When asked to choose between saving the Union and ending slavery, George Washington chose the Union.
Abraham Lincoln, asked to make the same choice, wrote, “If I could save the Union without freeing any slave, I would do it; and if could save it by freeing all the slaves, I would do it. … What I do about Slavery and the colored race, I do because I believe it helps to save this Union.”
It’s not that these men didn’t care about slavery; both of them were morally opposed to it. It’s just that they had other priorities. President Obama, it seems, shares their priorities.
Minutes after the announcement that the grand jury in Ferguson did not indict the officer who shot and killed Michael Brown, our President responded, “First and foremost, we are a nation built on the rule of law. And so, we need to accept that this decision was the grand jury’s to make. There are Americans who agree with it, and there are Americans who are deeply disappointed, even angry. It’s an understandable reaction. But I join Michael’s parents in asking anyone who protests this decision to do so peacefully.”
First and foremost, the Union.
In trying to explain the anger of many who were disappointed with the result of the grand jury, the President said that their frustrations “have deep roots in many communities of color who have a sense that our laws are not always being enforced uniformly or fairly.”
I hope that what he wanted to say was those communities do not have merely a “sense” of unfairness, but an acute awareness of unfairness. The President is well aware of the racial disparity in car stops, searches, arrests, convictions, and sentencing, and I hope he really wanted to say that.
Still, I’m tired of the press, pillorying the President for the “tameness” of his response. They want him to show the outrage we all assume must be there, underneath the veneer of calm and hope. But he can’t. Because people who are unwilling to tolerate injustice are not the kinds of people who are willing take an oath to “preserve, protect and defend the Constitution.”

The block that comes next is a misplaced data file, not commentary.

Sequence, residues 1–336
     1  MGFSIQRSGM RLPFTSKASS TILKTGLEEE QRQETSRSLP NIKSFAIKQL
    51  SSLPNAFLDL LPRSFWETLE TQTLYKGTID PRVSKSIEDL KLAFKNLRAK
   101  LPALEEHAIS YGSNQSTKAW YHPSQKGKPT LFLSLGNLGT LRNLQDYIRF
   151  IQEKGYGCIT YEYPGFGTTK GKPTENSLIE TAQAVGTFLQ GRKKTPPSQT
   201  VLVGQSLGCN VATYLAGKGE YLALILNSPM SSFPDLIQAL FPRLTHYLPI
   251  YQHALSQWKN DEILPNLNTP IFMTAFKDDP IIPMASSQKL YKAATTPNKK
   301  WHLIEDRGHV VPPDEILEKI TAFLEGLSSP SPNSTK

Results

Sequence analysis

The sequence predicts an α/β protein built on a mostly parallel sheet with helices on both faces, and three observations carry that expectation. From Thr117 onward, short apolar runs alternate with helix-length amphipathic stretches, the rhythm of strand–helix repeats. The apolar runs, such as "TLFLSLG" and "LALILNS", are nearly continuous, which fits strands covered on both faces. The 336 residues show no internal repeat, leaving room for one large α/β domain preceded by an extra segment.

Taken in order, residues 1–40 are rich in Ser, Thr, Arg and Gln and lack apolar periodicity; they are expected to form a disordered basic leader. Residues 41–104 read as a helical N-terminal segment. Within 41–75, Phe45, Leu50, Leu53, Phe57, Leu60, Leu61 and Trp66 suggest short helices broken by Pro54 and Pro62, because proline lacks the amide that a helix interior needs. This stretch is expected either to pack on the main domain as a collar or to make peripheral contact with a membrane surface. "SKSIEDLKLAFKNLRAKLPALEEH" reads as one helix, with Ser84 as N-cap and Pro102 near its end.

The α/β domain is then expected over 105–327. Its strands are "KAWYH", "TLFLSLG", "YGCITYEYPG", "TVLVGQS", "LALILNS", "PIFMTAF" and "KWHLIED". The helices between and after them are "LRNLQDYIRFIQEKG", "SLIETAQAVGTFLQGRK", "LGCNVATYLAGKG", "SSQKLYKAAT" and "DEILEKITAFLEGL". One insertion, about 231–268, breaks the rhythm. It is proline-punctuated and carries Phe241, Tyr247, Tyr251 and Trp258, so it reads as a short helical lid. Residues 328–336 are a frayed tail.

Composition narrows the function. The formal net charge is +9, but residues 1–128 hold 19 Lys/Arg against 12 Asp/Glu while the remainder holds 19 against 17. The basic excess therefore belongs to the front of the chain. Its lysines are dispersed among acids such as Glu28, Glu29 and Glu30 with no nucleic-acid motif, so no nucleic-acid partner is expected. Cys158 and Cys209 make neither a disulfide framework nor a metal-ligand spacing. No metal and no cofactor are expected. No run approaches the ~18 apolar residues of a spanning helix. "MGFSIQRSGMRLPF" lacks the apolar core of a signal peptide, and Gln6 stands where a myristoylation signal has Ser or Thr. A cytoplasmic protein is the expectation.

They are more like Washington and Lincoln, and less like Harriet Tubman and John Brown.
This is a fact, and we’d best grow up and deal with that fact. The President’s job is to have unfettered hope in the institutions of democracy and justice, regardless of the current state of affairs. And this President does that part of his job as well as Washington or Lincoln.
So my beef is not that the President wants to uphold law and order. My beef is that we are no longer a people capable hearing grown-up truths, truths that make genuine hope possible in the midst of a nation torn apart by injustice and violence. We can’t hear the truth, so the President, unlike Washington and Lincoln, can’t tell us the truth.
This is the proclamation where Lincoln lists all the things for which the nation should be grateful, and sites those blessings as evidence of a gracious God. The proclamation where he blames the Civil War on the sins of the nation. The proclamation where he asks the country to implore God for mercy, “with humble penitence for our national perverseness.”
Lincoln could tell the truth about their situation – both blessed and perverse – because people were not unaccustomed to being told the truth. I fear that is no longer the case. Today, we can see only our foes as blessed and perverse. We, on the other hand are saintly victims, and you dare not tell us otherwise. Can you imagine what would happen if the President woke up tomorrow and told us the truth about Ferguson?
What if the President got up said that he loves our Union, is willing to do anything to preserve it, and wants us to do the same? What if he said he is outraged that the legacy of slavery stains us still and that he is not at all surprised there are people who won’t take one more minute of it? What if he also said that all of us, no matter how disenfranchised and dispirited, still have much to be grateful for and our lack of gratitude is indicative of our hard hearts? What if he implored God to have mercy on us, a country of broken sinners?
Can you imagine such a thing?
Neither can I. But I can hardly imagine that anything else is worth saying at all.
You see, I’m okay with Washington, Lincoln, and Obama appealing to us to preserve the Union, okay even with their naive trust that the Union will ultimately right itself. What I’m not okay with is the belief that hope can be sustained without gratitude and repentance.